With a proven reputation as a recruiter and an apprenticeship with one of the game's best offensive minds, Reaves fit the profile for an assistant coach on Lane Kiffin's staff. Reaves, who developed a close bond with Kiffin over the years, finally had the chance to coach with his brother-in-law that he hoped for and the opportunity to be closer to his extended family.
But that doesn't mean it was easy to leave South Carolina.
"It was tough because Coach Spurrier was great to me," Reaves said. "He was a phenomenal coach to work under, just from the teaching aspect the fundamental aspect as a coach. He was great to me. When this opportunity presented itself, it was a tough situation for me because I had built so many great relationships in South Carolina.
"Then I got a chance to coach here at Tennessee with my family. It was an opportunity I couldn't pass up. Got a chance to coach here at UT, which is traditionally a powerhouse school and got to coach in the SEC and then got to coach with my family. I couldn't turn that down."
In December, Jonathan Crompton was ready to head home for the holidays. Finals had just ended, and a long, disappointing season was finally over. On his way home to North Carolina, the senior stopped by the football offices to meet his new quarterbacks coach.
"It was a brief meeting because I was on my way out of town," Crompton said. "He had just gotten here, but I could take away that he was really excited and really eager to get going. As a player, that's one thing that you really look for."
Crompton knows about transitions. Reaves is the fourth quarterbacks coach in his time at Tennessee.
But leaving the football complex, the UT quarterback - much like Skip Holtz did nearly eight years ago - had a good feeling about Reaves.
"He's fun to be around," Crompton says. "You can tell he loves the game. He knows what he's talking about. It's fun to learn under him. You can tell he's knowledgeable, and he explains it really well. It helps since he's a little younger, he can relate to us a little better. It's fun."
Reaves' enthusiasm is hard to miss when he talks about trying to help Crompton and junior Nick Stephens rebound from tough seasons in 2008.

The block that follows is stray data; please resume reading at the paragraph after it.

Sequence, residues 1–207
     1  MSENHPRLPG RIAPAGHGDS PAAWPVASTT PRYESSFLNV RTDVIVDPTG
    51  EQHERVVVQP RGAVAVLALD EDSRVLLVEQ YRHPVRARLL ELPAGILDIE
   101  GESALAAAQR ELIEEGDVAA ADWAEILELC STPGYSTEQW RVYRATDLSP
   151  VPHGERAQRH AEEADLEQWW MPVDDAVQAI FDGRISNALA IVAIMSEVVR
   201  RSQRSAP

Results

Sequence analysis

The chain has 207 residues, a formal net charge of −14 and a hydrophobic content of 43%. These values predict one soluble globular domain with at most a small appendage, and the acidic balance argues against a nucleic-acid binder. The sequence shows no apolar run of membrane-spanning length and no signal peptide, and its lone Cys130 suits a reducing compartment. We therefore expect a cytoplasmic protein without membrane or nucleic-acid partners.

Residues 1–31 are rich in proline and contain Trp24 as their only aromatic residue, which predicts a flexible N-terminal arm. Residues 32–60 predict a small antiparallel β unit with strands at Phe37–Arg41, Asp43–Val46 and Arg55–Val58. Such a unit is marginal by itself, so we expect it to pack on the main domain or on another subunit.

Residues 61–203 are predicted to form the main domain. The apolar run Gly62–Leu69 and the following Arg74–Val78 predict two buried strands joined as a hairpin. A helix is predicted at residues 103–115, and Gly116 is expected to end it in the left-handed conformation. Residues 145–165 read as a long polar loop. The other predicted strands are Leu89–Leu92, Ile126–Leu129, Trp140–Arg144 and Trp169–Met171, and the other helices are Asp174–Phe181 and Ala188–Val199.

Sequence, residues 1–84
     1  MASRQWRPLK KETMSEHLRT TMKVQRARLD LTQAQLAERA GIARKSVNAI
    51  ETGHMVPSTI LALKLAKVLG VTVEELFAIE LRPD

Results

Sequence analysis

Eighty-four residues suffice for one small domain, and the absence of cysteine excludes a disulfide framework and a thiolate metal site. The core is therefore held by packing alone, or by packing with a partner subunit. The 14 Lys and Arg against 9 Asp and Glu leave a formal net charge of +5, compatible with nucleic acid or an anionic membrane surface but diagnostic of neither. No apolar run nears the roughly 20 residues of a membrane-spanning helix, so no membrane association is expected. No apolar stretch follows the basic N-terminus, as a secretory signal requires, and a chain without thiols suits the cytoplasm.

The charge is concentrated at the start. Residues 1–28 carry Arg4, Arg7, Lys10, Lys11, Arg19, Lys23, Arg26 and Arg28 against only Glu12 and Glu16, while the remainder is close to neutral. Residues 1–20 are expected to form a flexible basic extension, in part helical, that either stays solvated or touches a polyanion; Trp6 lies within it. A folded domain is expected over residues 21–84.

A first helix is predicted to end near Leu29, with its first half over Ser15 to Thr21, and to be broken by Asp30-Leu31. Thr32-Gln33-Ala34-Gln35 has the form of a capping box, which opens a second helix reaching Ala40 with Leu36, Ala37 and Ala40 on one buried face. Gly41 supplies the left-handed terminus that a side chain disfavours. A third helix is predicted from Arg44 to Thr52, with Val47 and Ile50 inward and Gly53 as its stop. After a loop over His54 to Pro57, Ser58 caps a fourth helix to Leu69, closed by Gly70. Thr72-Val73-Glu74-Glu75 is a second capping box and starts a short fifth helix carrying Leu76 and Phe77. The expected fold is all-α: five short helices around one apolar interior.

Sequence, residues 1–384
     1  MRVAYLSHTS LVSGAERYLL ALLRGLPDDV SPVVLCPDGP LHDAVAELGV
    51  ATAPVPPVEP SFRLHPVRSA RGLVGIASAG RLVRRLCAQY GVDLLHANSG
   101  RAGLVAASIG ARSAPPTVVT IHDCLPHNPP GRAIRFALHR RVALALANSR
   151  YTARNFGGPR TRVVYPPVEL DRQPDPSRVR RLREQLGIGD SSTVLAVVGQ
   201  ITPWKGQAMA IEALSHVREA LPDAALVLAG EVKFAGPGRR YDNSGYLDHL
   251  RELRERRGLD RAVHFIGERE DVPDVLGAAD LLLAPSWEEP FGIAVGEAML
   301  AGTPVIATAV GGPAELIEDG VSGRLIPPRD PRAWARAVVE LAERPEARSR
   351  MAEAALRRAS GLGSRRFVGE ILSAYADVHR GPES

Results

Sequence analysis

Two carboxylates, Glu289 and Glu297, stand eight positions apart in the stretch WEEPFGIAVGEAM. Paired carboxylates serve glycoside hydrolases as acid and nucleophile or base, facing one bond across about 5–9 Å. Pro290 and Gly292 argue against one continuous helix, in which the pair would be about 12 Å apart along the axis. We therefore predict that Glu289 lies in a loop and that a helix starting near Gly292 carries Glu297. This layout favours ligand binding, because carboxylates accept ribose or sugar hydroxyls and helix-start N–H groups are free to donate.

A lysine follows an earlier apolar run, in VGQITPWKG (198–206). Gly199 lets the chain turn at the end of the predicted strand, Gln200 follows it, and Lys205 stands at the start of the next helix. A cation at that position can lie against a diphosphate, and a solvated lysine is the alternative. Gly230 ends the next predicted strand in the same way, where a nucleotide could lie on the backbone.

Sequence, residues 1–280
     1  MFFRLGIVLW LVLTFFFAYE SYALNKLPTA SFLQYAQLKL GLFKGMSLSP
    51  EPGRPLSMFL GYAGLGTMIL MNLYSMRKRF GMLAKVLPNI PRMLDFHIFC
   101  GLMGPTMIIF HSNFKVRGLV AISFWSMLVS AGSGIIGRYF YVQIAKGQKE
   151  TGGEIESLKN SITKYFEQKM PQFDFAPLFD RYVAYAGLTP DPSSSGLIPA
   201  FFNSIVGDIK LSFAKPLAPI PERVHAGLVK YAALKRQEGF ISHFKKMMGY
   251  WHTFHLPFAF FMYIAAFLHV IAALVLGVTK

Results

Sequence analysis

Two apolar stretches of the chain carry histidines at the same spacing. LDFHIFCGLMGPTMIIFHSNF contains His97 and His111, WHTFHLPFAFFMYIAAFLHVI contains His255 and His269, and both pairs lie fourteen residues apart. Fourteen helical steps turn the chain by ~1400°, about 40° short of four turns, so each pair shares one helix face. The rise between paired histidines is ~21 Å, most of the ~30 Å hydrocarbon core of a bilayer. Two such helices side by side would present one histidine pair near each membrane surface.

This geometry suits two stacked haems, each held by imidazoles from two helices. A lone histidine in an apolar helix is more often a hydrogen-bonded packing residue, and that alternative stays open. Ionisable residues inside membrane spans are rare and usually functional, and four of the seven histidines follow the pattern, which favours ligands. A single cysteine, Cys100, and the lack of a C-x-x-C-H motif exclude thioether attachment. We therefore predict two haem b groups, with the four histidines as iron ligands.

"We've got to build those guys back up to get back up on the top," Reaves says, acknowledging UT's history of elite quarterbacks and strong quarterback coaches. "Everywhere I go it's, 'Who's going to be the quarterback? Who's going to do this at quarterback?' Our guys are working hard. Our guys are working hard this offseason. They worked hard all of spring practice. I'm excited to see how they play next year."
As for how Reaves will fare at Tennessee, Holtz knows the answer. The coach who gave him his start knows that his one-time graduate assistant will embrace the challenges and opportunities presented at Tennessee.
"We gave David an opportunity, but David made the most of it. We didn't do (the work) for David. We just gave him an opportunity," says Holtz, recalling his start in college coaching as a graduate assistant for Florida State coach Bobby Bowden. "He did a great job. He's earned where he is right now because of the job he did when he was given that opportunity.
"When I saw a guy like David and his passion to get into the game, I just said, he reminded me a lot of myself as far as the way that he was brought up around this game. We gave him his (chance), and I'm excited for David, excited with where he is. He's worked his tail off to get it."
Drew Edwards covers University of Tennessee football. He may be reached at 865-342-6274.